HIV Test Week is nearly over, and you’ll be forgiven if you think that HIV testing is just for one week since most of its publicity lasts for only a week in November leading up to the celebrated World AIDS Day on December 1st every year.
While HIV Test Week draws attention to the need to get tested for HIV, World AIDS Day is an opportunity for people worldwide to unite in the fight against HIV, show their support for people living with HIV and to commemorate people who have died.
The national pledge commits Leicestershire to halve late HIV diagnoses by 2020.
The sooner HIV is diagnosed, the sooner appropriate care can begin. Thanks to anti-retroviral combination therapy, the life expectancy of someone living with HIV has increased markedly. Today, an individual diagnosed with HIV at the age of 35 years, with prompt access to effective treatment, can expect to live a normal life span.
HIV continues to be a serious health condition in the UK. Here are some of the recent statistics:
- An estimated 103,700 people are living with HIV in the UK.
- Of these, around 17 per cent are undiagnosed and do not know about their HIV infection.
- There were 6,151 new HIV diagnoses in 2014.
- Two-fifths (40 per cent) of people diagnosed with HIV in 2014 were diagnosed late, after they should have already started treatment.
- Just over one in four people (27 per cent) living with diagnosed HIV is aged 50 years or over.
- There has been a 2 per cent decrease in testing at sexual health clinics over the last year but opportunities to test in the community and at GPs and get a home sampling kit have increased.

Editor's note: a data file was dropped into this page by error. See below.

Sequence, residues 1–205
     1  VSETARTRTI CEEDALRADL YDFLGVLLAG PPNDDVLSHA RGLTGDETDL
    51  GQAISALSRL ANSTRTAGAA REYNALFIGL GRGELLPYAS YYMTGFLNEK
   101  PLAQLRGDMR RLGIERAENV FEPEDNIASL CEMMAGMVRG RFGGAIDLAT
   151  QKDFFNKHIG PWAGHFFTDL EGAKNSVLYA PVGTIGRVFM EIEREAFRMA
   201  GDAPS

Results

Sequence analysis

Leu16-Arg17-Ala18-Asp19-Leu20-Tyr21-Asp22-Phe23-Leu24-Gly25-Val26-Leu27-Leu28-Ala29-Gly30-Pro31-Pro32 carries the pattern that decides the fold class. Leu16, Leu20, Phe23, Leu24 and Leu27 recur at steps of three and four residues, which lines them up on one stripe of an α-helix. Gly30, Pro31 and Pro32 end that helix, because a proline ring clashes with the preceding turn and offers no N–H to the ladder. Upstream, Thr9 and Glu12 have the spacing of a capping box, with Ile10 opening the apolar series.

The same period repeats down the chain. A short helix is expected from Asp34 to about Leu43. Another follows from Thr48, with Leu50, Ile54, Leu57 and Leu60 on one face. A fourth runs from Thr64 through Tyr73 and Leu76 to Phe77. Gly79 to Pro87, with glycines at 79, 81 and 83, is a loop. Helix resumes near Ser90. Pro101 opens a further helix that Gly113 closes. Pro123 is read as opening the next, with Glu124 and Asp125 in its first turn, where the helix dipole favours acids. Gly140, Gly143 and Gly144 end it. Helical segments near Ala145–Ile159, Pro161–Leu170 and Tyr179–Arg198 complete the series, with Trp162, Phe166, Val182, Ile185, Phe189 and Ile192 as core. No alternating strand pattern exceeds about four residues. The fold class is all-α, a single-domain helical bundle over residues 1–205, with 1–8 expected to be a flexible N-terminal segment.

Around 17% of people who have HIV don’t realise they have it, and it’s very likely that untreated HIV will be passed to other people. That’s why it’s important to get tested so we can halve the amount of people who remain undiagnosed, (why not have a HIV test)?
Halve It (halveit.org.uk) is a coalition of national experts determined to tackle the continued public health challenges posed by HIV. Their goals are to halve the proportion of people diagnosed late with HIV and to halve the proportion of people living with undiagnosed HIV.
The Halve It campaign calls upon all levels of government and their agencies to ensure that HIV is a public health priority both locally and nationally, they are asking the government to:
- Fully implement National Institute for Health and Care Excellence (NICE) public health guidance on HIV testing.
- Support the delivery of the Public Health Outcomes Framework (PHOF) by ensuring that local health organisations are equipped to realise the benefits of early detection of HIV.
- Offer incentives to test for HIV in a variety of healthcare settings, for example through the Quality and Outcomes Framework (QOF) and Commissioning for Quality and Innovation (CQUIN) frameworks.
- Ensure that people diagnosed with HIV have access to any retroviral therapies (ARTs) to prevent onward transmission in line with the joint recommendations of the Expert Advisory Group on AIDS (EAGA) and the British HIV Association (BHIVA).
- Ensure quality-assured (ie CE marked) self-testing kits for HIV when available, are integrated into local HIV testing strategies along with home sampling kits.
To find out more about the campaign download their position paper here
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